Do You Pay Taxes on Unemployment Benefits?

With more people seeking unemployment benefits, our analysts explain the taxes on unemployment benefits and how much to withhold.

Sirisha Bhogaraju - Author

Jul. 30 2020, Updated 8:50 a.m. ET

taxes on unemployment
Source: istock

The US unemployment rate has reached historical highs and the numbers keep rising. According to the Department of Labor, 31.8 million people claimed benefits under all state and federal programs for the week ending July 4, 2020. The Department of Labor provides unemployment benefits to individuals who are unemployed due to “no fault of their own.” Also, eligibility requirements vary by state. Individuals need to understand taxes on unemployment benefits to avoid additional financial strain.  

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Each state implements a separate unemployment insurance program. However, all of the states follow the guidelines established by federal law. The decision to levy taxes on unemployment also differs among states. 

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Do you have to pay taxes on unemployment benefits?

Overall, there is no such thing as free money. The IRS views unemployment benefits paid by state and federal governments as income and taxes it accordingly. An individual receiving unemployment benefits needs to pay federal income taxes and state taxes as well in some jurisdictions. Unemployment benefits under the Pandemic Unemployment Assistance of the CARES (Coronavirus Aid, Relief, and Economic Security) Act are also taxable at an individual’s ordinary income tax rate.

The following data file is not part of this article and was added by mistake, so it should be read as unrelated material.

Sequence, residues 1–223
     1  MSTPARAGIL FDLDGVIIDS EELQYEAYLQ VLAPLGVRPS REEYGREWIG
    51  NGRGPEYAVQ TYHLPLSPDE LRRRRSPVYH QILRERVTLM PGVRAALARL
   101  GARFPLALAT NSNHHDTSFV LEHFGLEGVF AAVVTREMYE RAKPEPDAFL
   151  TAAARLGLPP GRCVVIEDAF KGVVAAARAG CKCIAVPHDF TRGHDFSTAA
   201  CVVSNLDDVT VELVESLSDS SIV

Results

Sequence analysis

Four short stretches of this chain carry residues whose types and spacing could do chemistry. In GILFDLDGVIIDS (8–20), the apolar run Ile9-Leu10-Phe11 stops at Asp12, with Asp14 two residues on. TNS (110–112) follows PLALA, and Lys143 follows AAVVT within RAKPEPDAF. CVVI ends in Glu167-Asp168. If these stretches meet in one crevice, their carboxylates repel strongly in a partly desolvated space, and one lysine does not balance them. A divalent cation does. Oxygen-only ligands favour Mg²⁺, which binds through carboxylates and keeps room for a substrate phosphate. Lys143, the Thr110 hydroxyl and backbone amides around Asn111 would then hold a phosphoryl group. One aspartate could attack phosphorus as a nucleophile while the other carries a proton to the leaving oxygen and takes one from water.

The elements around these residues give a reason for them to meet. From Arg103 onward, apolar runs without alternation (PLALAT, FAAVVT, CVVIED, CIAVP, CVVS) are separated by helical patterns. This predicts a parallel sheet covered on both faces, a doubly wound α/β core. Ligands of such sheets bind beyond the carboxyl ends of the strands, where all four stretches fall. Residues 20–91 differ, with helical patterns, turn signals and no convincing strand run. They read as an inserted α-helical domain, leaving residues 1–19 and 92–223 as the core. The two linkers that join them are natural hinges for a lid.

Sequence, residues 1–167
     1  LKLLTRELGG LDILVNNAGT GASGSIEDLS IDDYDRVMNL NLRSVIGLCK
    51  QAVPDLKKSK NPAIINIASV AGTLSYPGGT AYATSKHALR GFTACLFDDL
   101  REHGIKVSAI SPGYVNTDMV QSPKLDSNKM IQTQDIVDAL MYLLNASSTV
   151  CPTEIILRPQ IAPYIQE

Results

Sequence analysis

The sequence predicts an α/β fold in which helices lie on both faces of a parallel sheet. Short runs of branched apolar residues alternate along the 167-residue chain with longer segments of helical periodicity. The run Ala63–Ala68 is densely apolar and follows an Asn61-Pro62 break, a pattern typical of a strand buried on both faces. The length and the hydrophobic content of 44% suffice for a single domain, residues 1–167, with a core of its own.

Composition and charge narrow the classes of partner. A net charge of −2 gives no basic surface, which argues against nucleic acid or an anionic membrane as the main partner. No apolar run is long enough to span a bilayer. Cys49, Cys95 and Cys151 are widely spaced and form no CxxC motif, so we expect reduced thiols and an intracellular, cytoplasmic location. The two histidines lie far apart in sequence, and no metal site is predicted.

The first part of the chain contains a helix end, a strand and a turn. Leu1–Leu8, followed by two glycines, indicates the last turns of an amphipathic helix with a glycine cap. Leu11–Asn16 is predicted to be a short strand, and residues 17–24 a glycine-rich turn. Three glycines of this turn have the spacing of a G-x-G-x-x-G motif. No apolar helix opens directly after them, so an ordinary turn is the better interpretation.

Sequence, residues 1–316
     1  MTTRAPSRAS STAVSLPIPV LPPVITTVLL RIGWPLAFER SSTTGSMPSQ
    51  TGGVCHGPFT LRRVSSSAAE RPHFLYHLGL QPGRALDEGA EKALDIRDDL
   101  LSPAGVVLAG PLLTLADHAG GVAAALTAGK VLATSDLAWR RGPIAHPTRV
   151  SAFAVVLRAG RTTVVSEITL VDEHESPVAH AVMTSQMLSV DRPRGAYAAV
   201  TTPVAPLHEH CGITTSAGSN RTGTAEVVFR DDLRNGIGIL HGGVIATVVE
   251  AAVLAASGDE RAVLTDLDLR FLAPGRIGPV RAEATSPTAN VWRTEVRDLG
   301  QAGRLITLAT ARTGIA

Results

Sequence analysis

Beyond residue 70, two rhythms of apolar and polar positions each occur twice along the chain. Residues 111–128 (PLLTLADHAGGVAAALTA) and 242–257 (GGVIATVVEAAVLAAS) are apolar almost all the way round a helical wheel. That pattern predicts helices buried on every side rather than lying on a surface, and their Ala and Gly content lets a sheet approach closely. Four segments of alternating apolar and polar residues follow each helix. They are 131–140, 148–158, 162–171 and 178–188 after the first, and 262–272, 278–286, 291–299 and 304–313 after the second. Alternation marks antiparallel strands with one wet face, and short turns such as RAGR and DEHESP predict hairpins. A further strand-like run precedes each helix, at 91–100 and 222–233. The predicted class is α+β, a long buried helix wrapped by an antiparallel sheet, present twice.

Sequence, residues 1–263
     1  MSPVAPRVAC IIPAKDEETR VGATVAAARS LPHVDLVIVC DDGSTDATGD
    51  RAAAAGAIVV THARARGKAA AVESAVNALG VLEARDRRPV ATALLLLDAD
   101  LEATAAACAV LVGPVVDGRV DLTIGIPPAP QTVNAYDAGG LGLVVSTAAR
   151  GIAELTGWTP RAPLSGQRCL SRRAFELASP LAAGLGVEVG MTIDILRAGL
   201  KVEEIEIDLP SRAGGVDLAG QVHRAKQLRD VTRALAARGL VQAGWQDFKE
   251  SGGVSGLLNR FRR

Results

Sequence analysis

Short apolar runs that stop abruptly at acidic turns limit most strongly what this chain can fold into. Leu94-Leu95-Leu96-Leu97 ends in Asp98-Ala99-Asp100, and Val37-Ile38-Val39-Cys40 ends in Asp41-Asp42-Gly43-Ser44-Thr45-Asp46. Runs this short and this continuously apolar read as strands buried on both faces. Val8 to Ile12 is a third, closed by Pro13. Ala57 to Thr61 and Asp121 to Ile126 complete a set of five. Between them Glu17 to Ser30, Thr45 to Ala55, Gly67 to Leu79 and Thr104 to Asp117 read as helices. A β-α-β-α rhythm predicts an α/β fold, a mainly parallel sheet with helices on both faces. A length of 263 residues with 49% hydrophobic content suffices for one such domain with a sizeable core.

States with no taxes on unemployment benefits

States that do not tax unemployment benefits include Alabama, California, Montana, New Jersey, Pennsylvania, and Virginia. There are no taxes on unemployment benefits in seven states that do not levy any state income taxes. The states are Alaska, Florida, Nevada, South Dakota, Texas, Washington, and Wyoming. However, federal income tax may still be applicable.  

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How much should you withhold from unemployment benefits?

Individuals receiving unemployment benefits should include the benefits as part of their gross income. The taxes owed on benefits are due when individuals file their next income tax return. Most people who receive unemployment benefits are in a difficult financial position and need money to survive. However, not accounting for taxes on unemployment benefits could lead to more financial struggles and a large tax payment later.  

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Many experts recommend that individuals submit a request for federal and state tax authorities to withhold taxes on unemployment benefits. Individuals can file a Form W-4V, which is also called a Voluntary Withholding Request. A federal tax rate of 10 percent can be withheld from each payment of unemployment benefits. The advantage of paying taxes upfront is that you avoid paying a big lump-sum amount at the end.

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Another option is to make estimated tax payments quarterly on unemployment benefits. You can calculate the amount you owe or get an estimate from an accountant. However, you will have to pay a penalty if your estimate was lower than what you actually owe. In contrast, you will receive a tax refund if you paid more than what you owe. Form 1099-G, which is also called Certain Government Payments, reflects total unemployment benefits and the tax withheld on the benefits.     

Overall, individuals can choose how they prefer to pay taxes on unemployment benefits based on their situation. For unemployment benefits, you can submit a request for withholding taxes or make estimated quarterly payments to help avoid issues with your next annual tax return.   


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